Delije (Serbian Cyrillic: Делије) is an umbrella name referring to the supporters of various sports clubs that compete under the Red Star Belgrade Sports Society banner. The plural of the singular form delija (делија)—which in Serbian generally signifies a courageous, brave, strong, or even handsome young man—a rough English translation of Delije is "Heroes", "Braves", or "Studs".
Делије Север / Delije Sever (Delije North)
|Team||Red Star Belgrade|
|Motto||Zvezda je život, ostalo su sitnice |
(Zvezda is life, the rest is details)
Though Red Star Sports Society has clubs in over twenty sports, Delije mostly focus on football (FK Crvena zvezda) and basketball (KK Crvena zvezda). The name Delije first began to be used by hardcore Red Star supporters during the late 1980s, with official inauguration taking place on 7 January 1989. Up to that point, the die-hard fans were scattered amongst about eight groups that shared the north stand at the Red Star Stadium (known colloquially as Marakana), most prominent of which were the Red Devils, Ultras and Zulu Warriors.
As a sign of appreciation, during the late 1990s, Red Star painted the word Delije in block letters across the north stand. Since the mid-1980s the supporters maintain friendly relations with Olympiacos F.C. ultras—a friendship based on common Orthodox faith and same club colours. Since the mid-2000s FC Spartak Moscow fans Fratria are also included in this friendship.
Since the very founding of Red Star Belgrade, there was a section of members-friends of the Sports Club Red Star, which had about 100 faithful supporters encouraging the red-whites which started to follow the club on all away matches in the newly formed Yugoslav First League. The section was mostly made of young men from the affluent parts of the Belgrade—Senjak, Topčidersko Brdo, Dedinje, Knez Mihailova Street, but amongst the first Red Star supporters there were also children of workers, which would eventually form the "first team" of supporters and leaders in the future.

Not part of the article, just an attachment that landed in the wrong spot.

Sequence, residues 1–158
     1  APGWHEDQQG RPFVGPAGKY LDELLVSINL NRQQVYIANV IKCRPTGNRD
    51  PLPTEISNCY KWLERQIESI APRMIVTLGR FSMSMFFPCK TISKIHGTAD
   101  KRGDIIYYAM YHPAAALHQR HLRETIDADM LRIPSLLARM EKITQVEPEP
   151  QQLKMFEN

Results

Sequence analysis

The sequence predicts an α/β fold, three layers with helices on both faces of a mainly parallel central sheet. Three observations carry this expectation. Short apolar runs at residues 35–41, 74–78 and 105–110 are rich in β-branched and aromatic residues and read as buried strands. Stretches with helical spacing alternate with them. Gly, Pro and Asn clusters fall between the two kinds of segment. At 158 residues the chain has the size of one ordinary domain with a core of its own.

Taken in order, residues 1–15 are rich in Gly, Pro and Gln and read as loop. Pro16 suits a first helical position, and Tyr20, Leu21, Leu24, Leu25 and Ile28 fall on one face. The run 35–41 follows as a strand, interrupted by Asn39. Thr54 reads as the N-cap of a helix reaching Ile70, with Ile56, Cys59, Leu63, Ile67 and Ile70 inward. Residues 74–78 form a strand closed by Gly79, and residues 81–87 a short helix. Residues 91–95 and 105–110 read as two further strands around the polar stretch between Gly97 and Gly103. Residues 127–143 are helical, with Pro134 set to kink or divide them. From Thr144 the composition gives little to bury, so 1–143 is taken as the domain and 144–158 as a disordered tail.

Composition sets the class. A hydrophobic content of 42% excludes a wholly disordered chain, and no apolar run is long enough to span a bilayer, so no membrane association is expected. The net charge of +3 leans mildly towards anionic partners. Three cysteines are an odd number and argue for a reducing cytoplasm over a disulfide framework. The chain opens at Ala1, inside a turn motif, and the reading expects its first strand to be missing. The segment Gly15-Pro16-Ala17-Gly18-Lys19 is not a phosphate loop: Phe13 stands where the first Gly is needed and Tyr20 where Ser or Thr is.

During the 1950s, a separation between spectators and pure supporters finally became evident, mostly because supporters began to bring rattles, bells and a few flags to the stadium. With the arrival of Dragoslav Šekularac to Red Star many things changed. The fans saw their reflection on the field, because Šekularac had class as well as talent. Supporters especially appreciated Šeki's battling spirit, which was a magnet for new red-white fans young and old.
In the 1980s the North side was split between two big supporters groups, the "Ultras" and the "Red Devils". The Ultras followed Italian influence which consisted of long and melodic songs, fireworks, and choreography. The Red Devils based their group on Serbian habits, which were often mixed with English habits such as heavy drinking, and constantly fighting rivals. These two groups regularly caused unrest, which brought them into conflict with the communist police. Because of many incidents people belonging to these two groups were regularly arrested.